Employee Retention Ideas For Keeping Your Top Talent

by Brick Jackson

One of the hidden ways you can help keep the budget on plan is by making sure that you do everything within your power to retain your best employees. There is an associated cost that comes with having to place ads, or work through employment agencies as well as the time cost spent on interviews as well as the loss of productivity whenever a top performer in your department decides to voluntarily leave the company. While the reasons for the employee leaving may be beyond your control, such as moving to a different city or state, health issues or some other life changing event, in the majority of cases there is something that a manager can do to make sure they keep their top talent.

There are several key reasons why employees decide to leave and seek employment elsewhere with the most common reason being the lack of room for advancement. Next in line is usually an issue with management, such as friction, a bad relationship or they employee simply doesn’t like the manager. A third reason revolves around a lack of recognition. This could be in the form of the employee getting paid less than another co-worker, or a lack of bonuses or a failure to have in place an employee recognition program or reward system.

With the 40 hour week a thing of the past, many employees are putting in many hours at the office and expect for that work that their boss as well as the company is going to pay attention to them and either provide opportunities for them to grow or provide them with some type of monetary compensation for all of their efforts.

Most of the time you will start to see signs appearing when an employee is getting ready to move on to greener pastures. The number one sign is an employee that starts to miss workdays, asks for extended lunches or beings to leave work early or starts to pile up appointments at various hours of the work day. Many times it is an indication the employee is out job hunting and could soon be leaving.

Other signs that you may begin to see include things such as a drop off in work performance, problems getting along with other team members or a withdrawal from team functions that they used to previously participate in. If the employee gets to this point, you have likely lost them but at least you can start planning to cover for them in the event they leave and you are not blind sided when they submit their two week notice.

Hopefully though you never get to that point with anyone on your team because you have put employee retention strategies in place. Knowing what the top three reasons are that employees may be looking to leave, you can proactively put steps in place to combat those instances to help with retaining employees.

For those workers that think there is not opportunities for them, work to set up lead or senior positions in their current role that they have an opportunity to get promoted to. If there are other parts of the organization where there skill set can transfer over to, set up a career development path so employees can work om improving the skills they would need to function in that role. Make sure they employees are aware of any internal training opportunities inside the company or else look for external employee seminars where the staff can help grow their skill set.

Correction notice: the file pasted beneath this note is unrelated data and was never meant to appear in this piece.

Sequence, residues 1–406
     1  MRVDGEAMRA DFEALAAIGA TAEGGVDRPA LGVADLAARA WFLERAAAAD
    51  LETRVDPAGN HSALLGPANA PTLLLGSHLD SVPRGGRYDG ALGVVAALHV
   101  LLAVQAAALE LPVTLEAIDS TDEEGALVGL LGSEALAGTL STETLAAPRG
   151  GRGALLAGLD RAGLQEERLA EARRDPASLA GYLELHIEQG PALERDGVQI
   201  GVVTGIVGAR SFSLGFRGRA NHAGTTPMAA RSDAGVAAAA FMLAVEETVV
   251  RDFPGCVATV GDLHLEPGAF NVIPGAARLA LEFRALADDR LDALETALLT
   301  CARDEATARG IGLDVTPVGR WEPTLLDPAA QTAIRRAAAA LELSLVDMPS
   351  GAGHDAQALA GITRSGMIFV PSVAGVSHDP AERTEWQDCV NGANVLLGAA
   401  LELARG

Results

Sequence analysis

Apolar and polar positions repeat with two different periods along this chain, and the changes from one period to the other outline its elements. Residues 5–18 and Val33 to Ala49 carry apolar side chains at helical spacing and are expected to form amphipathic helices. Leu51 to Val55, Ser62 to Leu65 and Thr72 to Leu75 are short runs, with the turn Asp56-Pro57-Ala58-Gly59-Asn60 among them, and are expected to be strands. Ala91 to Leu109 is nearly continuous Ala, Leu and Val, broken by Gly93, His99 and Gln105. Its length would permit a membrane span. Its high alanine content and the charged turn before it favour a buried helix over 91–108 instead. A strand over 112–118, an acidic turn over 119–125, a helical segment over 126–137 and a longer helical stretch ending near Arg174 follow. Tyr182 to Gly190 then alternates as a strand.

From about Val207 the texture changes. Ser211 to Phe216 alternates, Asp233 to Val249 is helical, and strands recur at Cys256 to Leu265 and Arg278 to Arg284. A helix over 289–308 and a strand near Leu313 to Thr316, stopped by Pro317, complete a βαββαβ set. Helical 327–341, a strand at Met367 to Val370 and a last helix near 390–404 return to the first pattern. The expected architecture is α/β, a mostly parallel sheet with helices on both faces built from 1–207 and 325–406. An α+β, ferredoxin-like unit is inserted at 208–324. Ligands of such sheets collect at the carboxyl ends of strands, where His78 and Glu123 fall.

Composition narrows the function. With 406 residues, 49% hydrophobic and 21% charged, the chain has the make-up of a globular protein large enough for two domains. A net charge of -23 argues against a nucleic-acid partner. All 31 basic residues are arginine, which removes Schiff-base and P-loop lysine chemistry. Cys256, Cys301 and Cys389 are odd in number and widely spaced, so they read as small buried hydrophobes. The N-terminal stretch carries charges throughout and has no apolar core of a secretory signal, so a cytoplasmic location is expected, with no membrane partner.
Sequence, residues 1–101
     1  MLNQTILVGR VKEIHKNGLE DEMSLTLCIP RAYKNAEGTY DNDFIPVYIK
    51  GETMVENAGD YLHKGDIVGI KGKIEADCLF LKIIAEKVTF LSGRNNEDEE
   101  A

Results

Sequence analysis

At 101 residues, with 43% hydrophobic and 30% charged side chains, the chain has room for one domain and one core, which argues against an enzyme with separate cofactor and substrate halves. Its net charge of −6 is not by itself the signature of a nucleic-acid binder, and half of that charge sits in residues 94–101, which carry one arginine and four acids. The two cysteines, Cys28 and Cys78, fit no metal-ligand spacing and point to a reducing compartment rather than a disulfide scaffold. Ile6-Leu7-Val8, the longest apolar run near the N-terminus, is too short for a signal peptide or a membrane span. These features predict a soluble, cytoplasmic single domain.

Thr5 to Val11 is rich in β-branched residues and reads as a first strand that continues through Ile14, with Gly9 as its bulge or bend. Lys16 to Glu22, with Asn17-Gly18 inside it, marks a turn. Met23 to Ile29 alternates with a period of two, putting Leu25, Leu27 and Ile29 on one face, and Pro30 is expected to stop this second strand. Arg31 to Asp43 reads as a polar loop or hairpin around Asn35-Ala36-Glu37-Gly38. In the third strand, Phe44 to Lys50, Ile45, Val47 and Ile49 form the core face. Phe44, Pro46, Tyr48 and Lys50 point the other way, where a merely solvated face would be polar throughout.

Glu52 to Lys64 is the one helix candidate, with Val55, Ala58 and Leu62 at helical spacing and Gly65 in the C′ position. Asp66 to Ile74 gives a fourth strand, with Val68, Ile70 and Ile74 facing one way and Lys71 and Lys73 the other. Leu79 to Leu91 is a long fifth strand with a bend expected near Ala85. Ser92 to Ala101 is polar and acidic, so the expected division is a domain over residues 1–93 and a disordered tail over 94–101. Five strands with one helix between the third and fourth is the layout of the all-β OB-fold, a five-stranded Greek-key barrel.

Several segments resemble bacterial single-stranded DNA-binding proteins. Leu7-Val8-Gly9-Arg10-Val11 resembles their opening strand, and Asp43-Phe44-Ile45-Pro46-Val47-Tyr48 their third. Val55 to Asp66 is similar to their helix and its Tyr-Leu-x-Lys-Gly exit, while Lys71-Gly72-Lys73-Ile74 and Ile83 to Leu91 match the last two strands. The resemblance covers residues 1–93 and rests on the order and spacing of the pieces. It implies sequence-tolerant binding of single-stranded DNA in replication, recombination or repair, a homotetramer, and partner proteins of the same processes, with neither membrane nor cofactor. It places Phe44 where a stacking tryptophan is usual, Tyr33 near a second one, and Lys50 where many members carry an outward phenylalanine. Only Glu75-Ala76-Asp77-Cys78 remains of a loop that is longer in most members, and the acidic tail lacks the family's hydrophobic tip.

If the problem is with you, the manager and their relationship, make sure that they understand you are free to talk with any time. Some managers have a habit of locking themselves in the office and never putting their head up from their work until 5:00 hits. If you have an office, get out and walk the floor a couple of times each day. This way employees see you and know that you are taking an interest and it makes you available to answer any questions they may have. Check in regularly with each employee through weekly or bi-weekly 1-on-1 meetings. If you feel that the employee may be looking for a new job, come right out and ask them. Their answer may surprise you.

If there is not some type of employee reward system or employee recognition program in place, work to get one implemented. You can do this at little to no cost and it is a way for employees to get recognized in front of their peers and for you to give them positive reinforcement without having to wait for a review period.

Having several key performers in a department leave can have a big impact on their co-workers, your department as well as your job and budget. By having a good employee retention plan in place, you can stave off some of the problems that would otherwise cause you headaches in the long run. If you start running at too low of an employee retention rate, you can be sure that is something your boss is going to notice and will be talking to you about in the not too distant future.

For the employees that do leave, have an exit interview with them and ask them to fill out an employee retention survey so that you can help identify any problems with you as a manger, your department or policies and it may help to shed some blind spots on things you may be missing.

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